Let’s reword this to a more “normal” look let p1 : Ram is in class p2 : if Ram is in class, then a printer is a device C : a printer is a device Forward chaining: p1 and p2 are T in row 1 and C is also T in row 1. There is no other row with p1 and p2 both having T value. p1 C P2: (p1 -> C) T T T F T F Also Backward chaining: C is F in rows 2 and 4. In row 2, p2 is also F, and in row 4, p1 is also F. F T T F F T So, p1, p2, C is a theorem or p1, p2 => C This is an example of : modus ponens where we have p1, p1->C => C.

Theorem Proving by Manipulating Syntax
We have used the Truth table for demonstrating tautologies, proof with forward chaining, and proof with backward chaining. Can we demonstrate an expression or set of statements to be a theorem by “manipulating the syntax” ? An expression or a set of statements is proven to be a theorem if we show that the expression is derived (using replacement rules) from a set of premises. 1) A procedure often used in derivation is : Start with a premise which may be a given axiom or a previously proven theorem Utilize a logical sequence of tautologies or previously proven theorems to arrive at the expression which needs to be proven. 2) Another procedure often used is the reverse of above: Start with the expression that needs to be proven as theorem Utilize a sequence of tautologies or previously proven theorems to arrive at a known theorem or axiom. The term “utilize a sequence of - - -” means to replace any of the expression by any statement that is logically equivalent. (a natural starting place may be modus ponens)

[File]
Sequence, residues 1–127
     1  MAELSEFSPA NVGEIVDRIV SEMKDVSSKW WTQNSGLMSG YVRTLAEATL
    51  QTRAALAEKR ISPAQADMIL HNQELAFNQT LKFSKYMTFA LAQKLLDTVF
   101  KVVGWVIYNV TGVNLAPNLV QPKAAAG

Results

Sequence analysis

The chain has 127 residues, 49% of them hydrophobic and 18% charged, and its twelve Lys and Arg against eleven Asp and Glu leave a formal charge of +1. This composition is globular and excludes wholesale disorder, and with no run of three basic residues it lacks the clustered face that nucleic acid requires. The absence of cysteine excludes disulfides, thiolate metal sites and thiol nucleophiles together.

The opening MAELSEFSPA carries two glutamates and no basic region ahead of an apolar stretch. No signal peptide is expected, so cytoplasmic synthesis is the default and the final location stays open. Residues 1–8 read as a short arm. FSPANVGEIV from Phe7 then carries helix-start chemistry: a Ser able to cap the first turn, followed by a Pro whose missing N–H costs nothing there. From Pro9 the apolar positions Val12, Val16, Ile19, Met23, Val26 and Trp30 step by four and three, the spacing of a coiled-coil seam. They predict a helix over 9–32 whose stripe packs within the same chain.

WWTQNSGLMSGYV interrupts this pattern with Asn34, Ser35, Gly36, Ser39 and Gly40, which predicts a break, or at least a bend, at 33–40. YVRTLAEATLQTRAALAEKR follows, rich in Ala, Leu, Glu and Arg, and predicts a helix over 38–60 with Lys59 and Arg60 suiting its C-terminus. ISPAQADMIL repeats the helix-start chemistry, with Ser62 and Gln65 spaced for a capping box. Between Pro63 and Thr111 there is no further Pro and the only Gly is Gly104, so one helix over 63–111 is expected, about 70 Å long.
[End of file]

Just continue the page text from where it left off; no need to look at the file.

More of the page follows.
List of Some Tautologies
~~p <-> p p /\ q < - > q /\ p p \/ q < - > q \/ p (p /\ q) /\ r < - > p /\ (q /\ r) (associative law) (p \/ q) \/ r < - > p \/ (q \/ r) (associative law) p /\ (q \/ r) < - > (p /\ q) \/ (p/\ r) (distributive law) p \/ (q /\ r) < - > (p \/ q) /\ (p \/ r) (distributive law) ~ (p /\ q) < - > ~p \/ ~q (De Morgan) ~ (p \/ q) < - > ~p /\ ~q (De Morgan) p \/ p < - > p p /\ p < - > p p /\ q -> q p /\ q -> p p \/ False <- > p p /\ True <-> p p -> p \/ q q -> p v q Note that these are almost reversed